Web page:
Monday, September 28, 2015


The rise of the full moon of Sept. 27, 2015 over our Forestville home. We sat on our long driveway and anticipated one of the great events of the natural world, unlike our ancestors who saw these, than unpredictable, events as an omen of evil.

8:29 pm, The full moon before the earth's shadow passed over it.

8:16 pm, the eclipse had clearly begun.

8:25 pm, about 1/3 of the moon is under the shadow of earth.

8:38 pm, almost half of the full moon is now under earth's shadow.

8:58 pm, the shadow of earth has covered about 3/4 of the full moon.

The total eclipse lasted for a little over an hour.  Our ancestors lived under the night skies, and knew every star.  They knew about full moons, but most had not lived long enough to see very many full  eclipses of the moon.  With no written language to pass on knowledge, rare events like this were viewed with fear.  Understandable.

10:39 pm the moon was well on its way to clearing our of the earth's shadow.

Thursday, September 17, 2015


Monarch caterpillar.  On Sept. 2nd we found a big fat Monarch caterpillar.  We put it in large jar with some fresh milkweed.  By the next morning it had already formed a chrysalis.  13 days later we hatched a new Monarch butterfly and photographed the event. (See photos below). Over the years we have been spreading more and more milkweed seeds and it has paid off.  Yesterday I counted at least 15 very fresh looking Monarchs in a short 5 minute hike around our place.  I have also posted a short video of this Monarch on my (Gary Erickson) facebook page.

Monarch chrysalis one day after the caterpillar formed it.

Chrysalis at 13 days.  On the morning of the 13 day we noticed that the chrysalis was getting darker.  By 11:30 am the wings of the Monarch were clearly apparent through the now transparent chrysalis and the butterfly soon emerged.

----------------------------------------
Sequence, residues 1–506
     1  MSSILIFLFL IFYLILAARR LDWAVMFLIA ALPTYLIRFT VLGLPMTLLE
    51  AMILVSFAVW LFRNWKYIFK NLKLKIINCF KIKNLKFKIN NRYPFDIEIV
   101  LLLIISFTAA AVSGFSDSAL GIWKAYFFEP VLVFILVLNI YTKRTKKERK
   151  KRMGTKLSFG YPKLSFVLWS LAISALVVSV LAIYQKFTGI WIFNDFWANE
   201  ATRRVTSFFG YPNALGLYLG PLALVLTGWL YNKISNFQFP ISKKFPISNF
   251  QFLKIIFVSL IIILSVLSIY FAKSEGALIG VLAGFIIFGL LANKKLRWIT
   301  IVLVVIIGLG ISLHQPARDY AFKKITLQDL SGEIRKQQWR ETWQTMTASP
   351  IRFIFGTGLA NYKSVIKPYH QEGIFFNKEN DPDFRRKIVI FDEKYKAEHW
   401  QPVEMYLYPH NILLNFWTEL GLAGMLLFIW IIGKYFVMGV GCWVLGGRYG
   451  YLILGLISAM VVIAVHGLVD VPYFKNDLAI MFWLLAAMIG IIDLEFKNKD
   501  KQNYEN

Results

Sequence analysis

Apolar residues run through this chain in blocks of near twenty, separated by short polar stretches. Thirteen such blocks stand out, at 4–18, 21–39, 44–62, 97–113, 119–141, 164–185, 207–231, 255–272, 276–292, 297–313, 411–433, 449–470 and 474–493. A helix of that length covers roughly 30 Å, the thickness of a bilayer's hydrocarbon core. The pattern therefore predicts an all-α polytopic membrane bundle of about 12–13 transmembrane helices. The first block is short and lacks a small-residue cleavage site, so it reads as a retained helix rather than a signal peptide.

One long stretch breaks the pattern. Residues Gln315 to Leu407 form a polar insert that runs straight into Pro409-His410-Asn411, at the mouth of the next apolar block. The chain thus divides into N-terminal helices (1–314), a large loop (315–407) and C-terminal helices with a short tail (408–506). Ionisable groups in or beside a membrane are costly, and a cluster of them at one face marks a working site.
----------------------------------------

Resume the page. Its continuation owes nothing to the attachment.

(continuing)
Monarch less than 1 minute after emerging from the chrysalis.  Note how the wings are still mostly folded.  I was amazed at the speed with which the butterfly left the chrysalis.  It took only a few seconds to emerge and my cameras were not focused correctly to catch that event.

The wings in this photo clearly show that they are not yet fully pumped up with fluid.  This process takes well over an hour.

The wings appeared to be fully pumped up after a little less than two hours.  The Monarch then rested for about another 1/2 hour before beginning to move about.

The Monarch then crawled along the underside of the screen and readied itself for the big escape.

After 2 1/2 hours our new Monarch managed to craw to the top of the screen and fly away.  It will spend a few days gaining energy off our flowers and then head to Mexico for the winter. A true marvel of nature.

Tuesday, September 15, 2015


Monarch on Stiff Goldenrod.   We have a lot of milkweed and we still have newly hatched Monarch appearing almost daily.

Young Meadowhawk dragonfly on goldenrod.

Meadowhawk dragonfly.  (about 1.5 inches long)

Katydid.  Love the sound of their night chirp which gives them their name.

Sulfur butterfly on Panicled aster.

Crescent butterfly(looks a little old).

Large Milkweed Bug(in middle of pile) surrounded by larva of the same species.

Solider Beetle on Stiff Goldenrod.

Purple Stemmed Aster.  The stem turns purple later.

Paper Wasp on Stiff Goldenrod

Queen Bumblebee with a small male trying to mate with her.

Bee-fly of the sweat bee family on Panicled Aster.

Bee-fly or more correctly a Drone-fly on Stiff Goldenrod.

Found this bat under one of our sun decorations.  It flew away within a few minutes.

Saturday, September 5, 2015

Our Monarch Chrysalis is now two days old, and it has deepened its color and developed a nice golden bead set towards that top.

Thursday, September 3, 2015

Watched a Monarch Caterpillar turn into the above Chrysalis in less than 2 hours.  It should become a butterfly in 10-14 days.

Giant Swallowtail butterfly.  We only see a few of these come late August and early September. This one is in our domestic flower garden.

Giant Swallowtail butterfly.  This one is a little old and beat up.

Butterfly tree, Lake Louise St. Park, Leroy, Mn.  We saw hundreds of Monarchs still hanging out on the trees about 9 A.M.   Their favorite food is the pollen and nectar of the Blazing Star.  We also found many caterpillars that still need to reach adulthood before their journey to Mexico.  A few more weeks and our Monarchs will all be south,

We saw as many as 60 monarchs on one branch in the early A.M.